Does an Ex-PTA Treasurer Accused of Stealing School Funds for Fertility Treatments Deserve Jail Time?Meredith Carroll
Stealing is never right, right? And stealing from kids is even more wrong, right?
Then why do I feel a teensy bit bad for the ex-PTA treasurer accused of stealing up to $100,000 from a Brooklyn elementary school so she could pay for fertility treatments, among other expenses?
Before I found out that a clotting disorder I didn’t know I had caused three miscarriages, I starting poking around for information about fertility treatments like Clomid and in vitro fertilization. When I learned IVF can cost up to $25,000 a pop and no insurance company in my state covers it, I sat down and wept. Had there been a bank with its vault wide open and a Welcome doormat at that moment, I’m not sure what I would have done.
Providence Hogan, 44, might have felt the same way. She acted as the treasurer for a parent teacher association at Public School 29 in Cobble Hill, and has been charged with swindling money raised for the kids. If convicted of the top charge against her of grand larceny, Hogan would be looking at up to 15 years in prison, although she could avoid jail time entirely if she returns the money in full.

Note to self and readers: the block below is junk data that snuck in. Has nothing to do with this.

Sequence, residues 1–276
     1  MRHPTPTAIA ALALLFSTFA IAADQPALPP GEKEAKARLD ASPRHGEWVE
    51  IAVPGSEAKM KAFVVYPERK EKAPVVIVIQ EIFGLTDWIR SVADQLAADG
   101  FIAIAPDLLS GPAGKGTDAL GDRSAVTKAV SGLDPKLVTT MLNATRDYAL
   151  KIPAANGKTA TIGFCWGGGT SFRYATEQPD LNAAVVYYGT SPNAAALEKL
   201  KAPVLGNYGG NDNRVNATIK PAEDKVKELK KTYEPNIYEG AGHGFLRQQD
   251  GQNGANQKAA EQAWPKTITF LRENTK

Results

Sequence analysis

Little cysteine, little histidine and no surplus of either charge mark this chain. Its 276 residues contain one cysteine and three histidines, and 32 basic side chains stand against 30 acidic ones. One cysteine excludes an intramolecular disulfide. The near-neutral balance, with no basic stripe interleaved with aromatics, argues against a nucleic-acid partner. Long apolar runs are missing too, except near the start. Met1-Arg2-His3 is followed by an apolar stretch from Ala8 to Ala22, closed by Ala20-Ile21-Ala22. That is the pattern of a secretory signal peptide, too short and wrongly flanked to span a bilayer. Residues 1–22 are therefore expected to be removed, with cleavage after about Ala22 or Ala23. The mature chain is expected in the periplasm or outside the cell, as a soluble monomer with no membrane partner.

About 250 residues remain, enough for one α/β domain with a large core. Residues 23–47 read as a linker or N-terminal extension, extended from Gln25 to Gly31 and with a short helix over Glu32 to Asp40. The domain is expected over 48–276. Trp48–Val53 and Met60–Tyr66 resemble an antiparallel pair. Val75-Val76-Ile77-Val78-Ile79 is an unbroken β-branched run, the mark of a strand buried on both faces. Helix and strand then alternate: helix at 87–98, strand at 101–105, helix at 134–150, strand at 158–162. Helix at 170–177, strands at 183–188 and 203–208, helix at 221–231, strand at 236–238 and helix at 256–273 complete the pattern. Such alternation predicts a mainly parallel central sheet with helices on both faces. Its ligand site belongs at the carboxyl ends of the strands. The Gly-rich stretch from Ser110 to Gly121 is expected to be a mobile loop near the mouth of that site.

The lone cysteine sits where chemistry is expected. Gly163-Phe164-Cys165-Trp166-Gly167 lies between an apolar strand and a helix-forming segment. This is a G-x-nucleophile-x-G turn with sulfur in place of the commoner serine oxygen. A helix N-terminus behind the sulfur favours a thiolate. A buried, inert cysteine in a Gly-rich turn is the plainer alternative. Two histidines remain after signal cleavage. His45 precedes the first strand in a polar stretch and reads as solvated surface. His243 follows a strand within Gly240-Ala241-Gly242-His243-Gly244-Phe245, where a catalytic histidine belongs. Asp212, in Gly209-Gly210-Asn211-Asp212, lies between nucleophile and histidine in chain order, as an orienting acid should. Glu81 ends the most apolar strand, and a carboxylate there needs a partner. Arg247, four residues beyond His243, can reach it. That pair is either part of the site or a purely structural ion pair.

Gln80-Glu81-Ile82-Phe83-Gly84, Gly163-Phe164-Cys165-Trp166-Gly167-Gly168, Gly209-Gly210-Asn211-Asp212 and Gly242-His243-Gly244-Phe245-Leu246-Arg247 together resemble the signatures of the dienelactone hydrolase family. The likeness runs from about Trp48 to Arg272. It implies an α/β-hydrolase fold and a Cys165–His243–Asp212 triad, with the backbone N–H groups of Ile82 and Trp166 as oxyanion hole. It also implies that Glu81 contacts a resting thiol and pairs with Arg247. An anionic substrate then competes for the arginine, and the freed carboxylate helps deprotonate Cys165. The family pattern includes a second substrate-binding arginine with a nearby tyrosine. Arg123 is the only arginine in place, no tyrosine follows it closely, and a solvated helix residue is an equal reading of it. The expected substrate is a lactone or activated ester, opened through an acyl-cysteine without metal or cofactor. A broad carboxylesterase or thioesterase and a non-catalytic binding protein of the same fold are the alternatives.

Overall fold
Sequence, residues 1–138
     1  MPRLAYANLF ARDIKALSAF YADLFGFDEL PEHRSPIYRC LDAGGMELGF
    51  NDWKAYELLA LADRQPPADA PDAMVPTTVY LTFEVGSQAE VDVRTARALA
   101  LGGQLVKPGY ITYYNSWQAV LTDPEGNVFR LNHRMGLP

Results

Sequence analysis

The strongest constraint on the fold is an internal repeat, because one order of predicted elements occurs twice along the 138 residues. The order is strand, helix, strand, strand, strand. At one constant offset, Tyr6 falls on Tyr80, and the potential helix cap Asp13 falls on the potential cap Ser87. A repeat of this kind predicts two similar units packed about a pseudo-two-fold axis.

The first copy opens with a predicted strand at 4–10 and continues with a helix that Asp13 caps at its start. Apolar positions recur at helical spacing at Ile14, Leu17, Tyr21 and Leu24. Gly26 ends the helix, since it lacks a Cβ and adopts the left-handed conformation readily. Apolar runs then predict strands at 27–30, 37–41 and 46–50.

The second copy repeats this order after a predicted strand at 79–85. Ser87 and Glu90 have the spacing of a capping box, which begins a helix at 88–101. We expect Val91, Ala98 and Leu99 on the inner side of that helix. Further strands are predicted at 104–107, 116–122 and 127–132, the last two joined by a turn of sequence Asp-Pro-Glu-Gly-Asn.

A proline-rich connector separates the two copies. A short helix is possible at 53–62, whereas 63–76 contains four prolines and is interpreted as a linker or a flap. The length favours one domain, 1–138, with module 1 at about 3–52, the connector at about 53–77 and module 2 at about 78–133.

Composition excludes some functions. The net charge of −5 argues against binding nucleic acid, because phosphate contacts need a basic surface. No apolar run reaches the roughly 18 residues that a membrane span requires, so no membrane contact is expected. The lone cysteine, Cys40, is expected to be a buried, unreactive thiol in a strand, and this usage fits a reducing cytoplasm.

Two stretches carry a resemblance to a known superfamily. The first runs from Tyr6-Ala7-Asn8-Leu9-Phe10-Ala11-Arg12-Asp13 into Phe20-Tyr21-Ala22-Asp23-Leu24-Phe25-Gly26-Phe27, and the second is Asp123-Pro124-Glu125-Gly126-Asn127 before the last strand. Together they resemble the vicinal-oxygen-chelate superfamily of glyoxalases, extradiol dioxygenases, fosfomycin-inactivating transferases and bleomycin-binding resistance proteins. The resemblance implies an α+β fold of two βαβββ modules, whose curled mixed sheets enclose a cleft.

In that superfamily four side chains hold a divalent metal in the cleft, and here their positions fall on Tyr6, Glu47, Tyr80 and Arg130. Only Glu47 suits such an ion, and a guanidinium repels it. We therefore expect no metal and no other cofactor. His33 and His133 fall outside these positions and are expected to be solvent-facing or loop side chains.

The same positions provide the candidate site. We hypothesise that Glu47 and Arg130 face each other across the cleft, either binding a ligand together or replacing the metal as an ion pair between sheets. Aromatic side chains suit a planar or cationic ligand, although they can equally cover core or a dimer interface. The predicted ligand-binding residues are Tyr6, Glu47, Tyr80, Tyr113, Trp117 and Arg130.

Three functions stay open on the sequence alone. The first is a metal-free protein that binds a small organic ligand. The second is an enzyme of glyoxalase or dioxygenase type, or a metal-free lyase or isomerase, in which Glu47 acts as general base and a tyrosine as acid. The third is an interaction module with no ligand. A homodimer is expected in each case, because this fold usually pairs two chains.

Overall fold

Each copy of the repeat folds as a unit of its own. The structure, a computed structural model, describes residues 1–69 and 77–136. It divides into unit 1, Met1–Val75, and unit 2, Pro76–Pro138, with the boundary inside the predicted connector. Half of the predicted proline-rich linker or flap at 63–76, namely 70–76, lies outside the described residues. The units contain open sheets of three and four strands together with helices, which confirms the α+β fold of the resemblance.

“The PTA is focused on the return of the stolen money,” said a lawyer from the firm representing the parent group pro bono to the New York Daily News. “A full and timely restitution will be a condition to any plea.”
I can’t think of a worse lesson for kids than to point to someone working on their behalf who stole money meant for them. But if she really did use money for fertility treatments, my heart softens a little (although reading she also used some of the money to pay rent for her spa business make me feel a little less bad for her).
It’s a terrible feeling to want a child and think that money is what’s standing in your way. But stealing from kids to have a kid clearly wasn’t the wisest choice.
Do you feel any less bad about this case knowing what the money was being used for?
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